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Open Access Publications from the University of California

Approximation in Synchronization and Computation

  • Author(s): Reisizadehmobarakeh, Amirhossein
  • Advisor(s): Dolecek, Lara
  • et al.
Abstract

Approximate solutions result in lower complexity and expense compared to

exact solutions, by tolerating a limited distortion. This thesis in centered on two

primary problems: synchronization and computation. We will seek approximate

solutions for these two problems throughout the thesis.

The first part of the thesis in concerned with approximation in file synchronization. File synchronization plays an important role in data sharing applications where several users own edited versions of an original file and they need to synch their files with the original one. Previous works have studied bounds and algorithms for exact reconstruction, where the goal is to exactly synchronize the copies of the original file. In contrast, a more challenging scenario is where the copies may not need to be perfectly synched, i.e. it suffices to reconstruct them within a pre-defined distance, in some notion. In this part, we address approximate synchronization from an information-theoretic viewpoint. The model we employ for edition is via a binary deletion channel. Transmitter owns a binary file, which can be the representation of any type of data including text, image, video, etc., and feeds it to the deletion channel. Receiver obtains an edited version of the string and approximately reconstructs the main sequence along with extra information receives from the transmitter.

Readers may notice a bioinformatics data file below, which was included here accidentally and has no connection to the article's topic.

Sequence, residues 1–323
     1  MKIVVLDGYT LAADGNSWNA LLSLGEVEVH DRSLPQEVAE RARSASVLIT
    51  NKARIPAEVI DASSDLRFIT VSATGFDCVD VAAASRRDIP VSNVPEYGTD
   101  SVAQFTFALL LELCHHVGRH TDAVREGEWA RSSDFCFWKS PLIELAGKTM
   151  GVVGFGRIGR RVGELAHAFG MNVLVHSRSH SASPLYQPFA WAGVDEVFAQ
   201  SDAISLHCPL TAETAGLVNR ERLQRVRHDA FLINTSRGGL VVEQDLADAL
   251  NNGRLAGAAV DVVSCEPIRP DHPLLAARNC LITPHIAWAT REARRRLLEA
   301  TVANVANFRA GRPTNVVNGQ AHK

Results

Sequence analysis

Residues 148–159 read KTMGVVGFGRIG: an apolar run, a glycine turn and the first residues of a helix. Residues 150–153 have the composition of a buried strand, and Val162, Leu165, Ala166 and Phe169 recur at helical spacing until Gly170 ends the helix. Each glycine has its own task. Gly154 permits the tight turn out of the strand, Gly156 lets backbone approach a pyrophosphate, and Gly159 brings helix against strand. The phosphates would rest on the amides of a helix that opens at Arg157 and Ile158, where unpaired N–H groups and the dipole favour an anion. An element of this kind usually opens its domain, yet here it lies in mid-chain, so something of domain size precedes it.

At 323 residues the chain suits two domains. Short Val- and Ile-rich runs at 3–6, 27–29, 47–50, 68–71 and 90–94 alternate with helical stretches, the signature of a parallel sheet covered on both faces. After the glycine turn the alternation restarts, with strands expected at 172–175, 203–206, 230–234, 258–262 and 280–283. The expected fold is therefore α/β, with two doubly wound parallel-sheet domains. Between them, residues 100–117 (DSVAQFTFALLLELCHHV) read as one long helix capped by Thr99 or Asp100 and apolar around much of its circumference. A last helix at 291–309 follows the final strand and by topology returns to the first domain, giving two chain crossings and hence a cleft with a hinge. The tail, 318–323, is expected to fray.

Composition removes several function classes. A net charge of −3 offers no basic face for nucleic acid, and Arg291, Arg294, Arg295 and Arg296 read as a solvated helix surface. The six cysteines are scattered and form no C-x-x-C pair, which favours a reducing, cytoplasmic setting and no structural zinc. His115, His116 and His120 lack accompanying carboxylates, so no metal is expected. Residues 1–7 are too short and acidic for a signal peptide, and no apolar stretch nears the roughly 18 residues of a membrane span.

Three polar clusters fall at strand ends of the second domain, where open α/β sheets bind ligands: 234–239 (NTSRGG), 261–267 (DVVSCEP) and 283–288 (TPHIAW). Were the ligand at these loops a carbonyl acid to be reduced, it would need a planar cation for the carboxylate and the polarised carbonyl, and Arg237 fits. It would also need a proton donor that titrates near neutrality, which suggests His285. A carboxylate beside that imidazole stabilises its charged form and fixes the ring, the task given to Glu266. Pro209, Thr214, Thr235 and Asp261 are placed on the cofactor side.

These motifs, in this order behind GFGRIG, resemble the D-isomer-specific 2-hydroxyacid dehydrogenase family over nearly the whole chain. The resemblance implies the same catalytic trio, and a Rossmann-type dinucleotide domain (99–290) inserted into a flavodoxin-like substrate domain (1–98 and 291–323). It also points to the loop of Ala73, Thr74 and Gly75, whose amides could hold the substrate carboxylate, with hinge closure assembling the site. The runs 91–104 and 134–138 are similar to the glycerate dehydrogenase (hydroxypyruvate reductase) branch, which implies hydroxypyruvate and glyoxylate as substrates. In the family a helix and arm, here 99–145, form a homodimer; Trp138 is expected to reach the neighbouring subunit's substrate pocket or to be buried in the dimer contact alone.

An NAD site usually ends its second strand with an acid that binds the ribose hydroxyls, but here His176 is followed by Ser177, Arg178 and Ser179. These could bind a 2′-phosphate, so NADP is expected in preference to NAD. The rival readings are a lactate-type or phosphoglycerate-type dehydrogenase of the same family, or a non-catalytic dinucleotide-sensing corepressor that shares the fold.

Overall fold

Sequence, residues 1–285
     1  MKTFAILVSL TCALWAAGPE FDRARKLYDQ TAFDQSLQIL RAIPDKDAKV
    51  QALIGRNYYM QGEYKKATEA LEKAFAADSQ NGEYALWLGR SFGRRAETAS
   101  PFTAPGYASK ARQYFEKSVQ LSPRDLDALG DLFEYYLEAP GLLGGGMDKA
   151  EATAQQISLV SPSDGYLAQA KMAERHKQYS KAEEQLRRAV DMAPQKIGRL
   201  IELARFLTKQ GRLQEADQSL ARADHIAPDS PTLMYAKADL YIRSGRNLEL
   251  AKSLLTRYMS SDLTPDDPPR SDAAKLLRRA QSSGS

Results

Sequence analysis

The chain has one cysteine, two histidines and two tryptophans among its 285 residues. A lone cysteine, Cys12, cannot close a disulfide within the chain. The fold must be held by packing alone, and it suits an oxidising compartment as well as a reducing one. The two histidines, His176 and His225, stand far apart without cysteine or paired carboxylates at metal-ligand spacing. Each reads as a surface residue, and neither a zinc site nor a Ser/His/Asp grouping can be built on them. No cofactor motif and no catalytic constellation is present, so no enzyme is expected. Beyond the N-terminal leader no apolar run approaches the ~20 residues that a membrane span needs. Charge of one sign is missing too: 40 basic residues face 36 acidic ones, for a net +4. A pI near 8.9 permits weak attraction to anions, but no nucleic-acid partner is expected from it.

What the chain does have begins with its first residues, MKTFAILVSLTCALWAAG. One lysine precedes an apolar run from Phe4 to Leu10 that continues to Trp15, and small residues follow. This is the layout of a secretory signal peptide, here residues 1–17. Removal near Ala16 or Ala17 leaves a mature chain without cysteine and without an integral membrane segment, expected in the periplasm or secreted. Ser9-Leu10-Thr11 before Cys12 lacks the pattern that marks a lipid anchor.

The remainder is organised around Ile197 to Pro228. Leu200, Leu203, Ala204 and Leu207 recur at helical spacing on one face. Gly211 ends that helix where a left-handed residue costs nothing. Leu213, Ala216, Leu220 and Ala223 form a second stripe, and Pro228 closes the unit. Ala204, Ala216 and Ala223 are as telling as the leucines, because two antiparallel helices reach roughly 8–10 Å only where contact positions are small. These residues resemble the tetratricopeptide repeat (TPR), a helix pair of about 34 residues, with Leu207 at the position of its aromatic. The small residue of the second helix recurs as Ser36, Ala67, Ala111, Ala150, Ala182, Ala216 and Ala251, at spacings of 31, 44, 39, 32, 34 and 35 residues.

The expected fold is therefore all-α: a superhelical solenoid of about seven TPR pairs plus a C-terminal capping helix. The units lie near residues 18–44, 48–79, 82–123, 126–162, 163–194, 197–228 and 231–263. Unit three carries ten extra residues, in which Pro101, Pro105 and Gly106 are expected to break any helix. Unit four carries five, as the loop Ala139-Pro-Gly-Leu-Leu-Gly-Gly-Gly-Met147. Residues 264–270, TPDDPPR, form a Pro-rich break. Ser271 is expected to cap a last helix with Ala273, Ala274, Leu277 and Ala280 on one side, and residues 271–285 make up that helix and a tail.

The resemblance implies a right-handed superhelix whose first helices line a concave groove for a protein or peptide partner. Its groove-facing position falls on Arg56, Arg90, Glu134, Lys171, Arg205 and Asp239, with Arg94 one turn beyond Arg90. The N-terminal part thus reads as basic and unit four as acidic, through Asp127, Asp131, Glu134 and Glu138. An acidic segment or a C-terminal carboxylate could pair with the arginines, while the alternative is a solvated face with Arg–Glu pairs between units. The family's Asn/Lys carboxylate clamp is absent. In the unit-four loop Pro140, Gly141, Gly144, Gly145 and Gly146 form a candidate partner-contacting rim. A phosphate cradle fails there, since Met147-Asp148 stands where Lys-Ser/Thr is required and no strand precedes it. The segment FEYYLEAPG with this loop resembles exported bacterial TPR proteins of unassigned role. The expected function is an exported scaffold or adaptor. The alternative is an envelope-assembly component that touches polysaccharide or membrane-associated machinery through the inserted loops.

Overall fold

In this thesis, we study the approximate synchronization problem, a more relaxed scenario in which the final reconstructed file does not need to be identical

to the original file. We study the case when a binary file undergoes deletion errors with some small deletion rate (so that the total number of deletions is linear in file length). We derive an upper bound on the optimal rate of information that the transmitter (owner of the original file) needs to provide to the receiver (owner of the edited file) to allow the receiver to reconstruct the original file to within a predefined target distortion.

The second part of the thesis focuses on approximate in computation, and Hamming distance calculation as a specific type of computation. Performing computation inside the memory unit (and not fetching data to the processing unit) introduces several benefits, e.g. energy and time saving, avoiding bottleneck congestion. Memristors are introduced as the memory units storing data in the resistive arrays. Computation in the memory in performed by measuring the resistance of the resistive elements, each representing one 0/1 bit. However, noisy measurements challenge the addressed scheme proposed before. We explicitly take the effect of noise into the consideration. Confidence bounds quantitatively show how accurate one can perform the computation in the noisy setup compared to the noise-free scenario. With respect to the context of the problem, we model the noise in two different approaches. One is bit-flipping noise, in which resistive components are read in a way similar to a binary symmetric channel with certain error probability. Secondly, a Gaussian model is considered for the noise in which the output of the measurement will be a continuous random variable. We provide confidence bounds for this two noise models and two single and multiple measurements settings.

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